Nicknamed “Blue Chip” for his talented skill set, the Tennessean with the body and athleticism of a wide receiver and defensive back is still re-configuring his team and is on the hunt for a new trainer.
Martin’s been taking a break from Sanchez, the trainer for his last seven fights, and floating around different gyms looking to see if a change needs to be made there as well as part of a complete rebuild.
He’s considered trainers like Manny Robles and Brian Villoria in Los Angeles. Most recently, he visited Javiel Centeno’s Sweatbox Boxing & Fitness gym in South Florida and sparred and worked alongside the likes of Ivan Baranchyk, Xander Zayas and Imam.
“A trainer needs to take authority and charge. I love what Abel did for me and the changes he brought forth in my career. There are no hard feelings between me and him. We still talk. I haven’t made a final decision yet, but I’m still open to going back to Big Bear,” said Martin. “Javiel has been good to me, but I haven’t yet made up my mind on who I’ll be trained by, or where I’ll be. I think about it everyday on where I’ll end up long term. But everything is good so far.”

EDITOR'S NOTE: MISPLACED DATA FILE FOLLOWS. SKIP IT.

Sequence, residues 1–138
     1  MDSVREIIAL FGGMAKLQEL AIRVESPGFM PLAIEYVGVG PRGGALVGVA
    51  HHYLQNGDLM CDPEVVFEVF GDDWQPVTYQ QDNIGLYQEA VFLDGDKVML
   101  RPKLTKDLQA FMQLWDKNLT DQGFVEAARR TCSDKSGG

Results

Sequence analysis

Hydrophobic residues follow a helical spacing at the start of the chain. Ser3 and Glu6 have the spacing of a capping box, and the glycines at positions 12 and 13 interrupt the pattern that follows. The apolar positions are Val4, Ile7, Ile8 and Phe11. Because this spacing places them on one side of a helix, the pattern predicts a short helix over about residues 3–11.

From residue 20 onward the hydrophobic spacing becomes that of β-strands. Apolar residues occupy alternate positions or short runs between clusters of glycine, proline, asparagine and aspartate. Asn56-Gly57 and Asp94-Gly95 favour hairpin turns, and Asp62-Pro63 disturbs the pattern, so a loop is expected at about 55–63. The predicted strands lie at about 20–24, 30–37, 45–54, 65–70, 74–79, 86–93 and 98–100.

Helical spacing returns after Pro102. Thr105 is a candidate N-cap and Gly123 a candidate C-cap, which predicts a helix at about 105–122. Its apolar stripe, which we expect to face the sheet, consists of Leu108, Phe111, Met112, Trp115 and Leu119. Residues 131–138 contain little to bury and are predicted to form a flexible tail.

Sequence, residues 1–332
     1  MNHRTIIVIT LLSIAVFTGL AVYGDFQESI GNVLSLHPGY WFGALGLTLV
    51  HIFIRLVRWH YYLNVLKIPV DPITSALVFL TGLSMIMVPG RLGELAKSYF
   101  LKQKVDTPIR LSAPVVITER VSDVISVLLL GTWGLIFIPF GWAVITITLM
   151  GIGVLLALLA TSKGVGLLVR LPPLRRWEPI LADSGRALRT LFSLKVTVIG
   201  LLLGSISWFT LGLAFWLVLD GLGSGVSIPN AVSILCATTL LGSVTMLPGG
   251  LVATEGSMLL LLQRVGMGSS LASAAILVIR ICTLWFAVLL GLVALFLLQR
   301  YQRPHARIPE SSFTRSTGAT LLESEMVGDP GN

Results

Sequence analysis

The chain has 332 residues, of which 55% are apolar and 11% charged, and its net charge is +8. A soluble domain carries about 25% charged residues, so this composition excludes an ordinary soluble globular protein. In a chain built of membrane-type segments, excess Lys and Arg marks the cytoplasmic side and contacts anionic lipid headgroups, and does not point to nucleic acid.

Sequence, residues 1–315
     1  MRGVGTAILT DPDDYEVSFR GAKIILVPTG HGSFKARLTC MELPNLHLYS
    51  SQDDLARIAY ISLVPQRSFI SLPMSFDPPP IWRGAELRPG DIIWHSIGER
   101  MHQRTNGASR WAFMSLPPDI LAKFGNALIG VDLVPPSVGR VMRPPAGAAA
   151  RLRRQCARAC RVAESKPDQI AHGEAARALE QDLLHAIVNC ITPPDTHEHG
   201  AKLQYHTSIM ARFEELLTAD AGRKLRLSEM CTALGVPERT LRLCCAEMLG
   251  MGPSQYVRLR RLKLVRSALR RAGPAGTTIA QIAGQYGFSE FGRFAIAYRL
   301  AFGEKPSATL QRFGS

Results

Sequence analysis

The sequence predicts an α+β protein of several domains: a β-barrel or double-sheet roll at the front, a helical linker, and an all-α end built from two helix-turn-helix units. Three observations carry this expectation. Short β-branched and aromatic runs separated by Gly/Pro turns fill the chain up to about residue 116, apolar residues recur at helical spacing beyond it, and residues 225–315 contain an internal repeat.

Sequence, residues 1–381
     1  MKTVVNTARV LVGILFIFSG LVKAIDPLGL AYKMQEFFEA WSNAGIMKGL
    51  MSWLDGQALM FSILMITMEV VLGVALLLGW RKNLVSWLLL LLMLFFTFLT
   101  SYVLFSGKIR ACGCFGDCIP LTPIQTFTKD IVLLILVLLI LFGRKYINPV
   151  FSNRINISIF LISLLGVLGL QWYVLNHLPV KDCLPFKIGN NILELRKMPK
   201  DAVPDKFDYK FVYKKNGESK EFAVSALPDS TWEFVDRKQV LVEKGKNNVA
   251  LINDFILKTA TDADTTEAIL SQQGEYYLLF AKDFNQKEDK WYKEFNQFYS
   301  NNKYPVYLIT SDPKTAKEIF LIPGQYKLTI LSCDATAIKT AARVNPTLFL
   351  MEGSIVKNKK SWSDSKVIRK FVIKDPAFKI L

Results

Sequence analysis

Martin said he wants a trainer who will provide structure with one-on-one, military-style leadership. He wants to be coached and be around a person who will also motivate him whenever needed. Martin would like to fight as early as October and is considering campaigning at the 135 and 140 pound divisions.
“Getting back to boxing full time has been a big joy. Everything is in the past now,” said Martin. “My mind is clear. It’s time to focus on new things and the journey ahead. I’m ready to get back in the ring. The sun is about to shine.”
Manouk Akopyan has been a member of the Boxing Writers Assn. of America since 2011 and has written for the Los Angeles Times, USA Today, the Guardian and Philadelphia Inquirer. He can be reached on Twitter, Instagram, LinkedIn and YouTube at @ManoukAkopyan or via email at [email protected].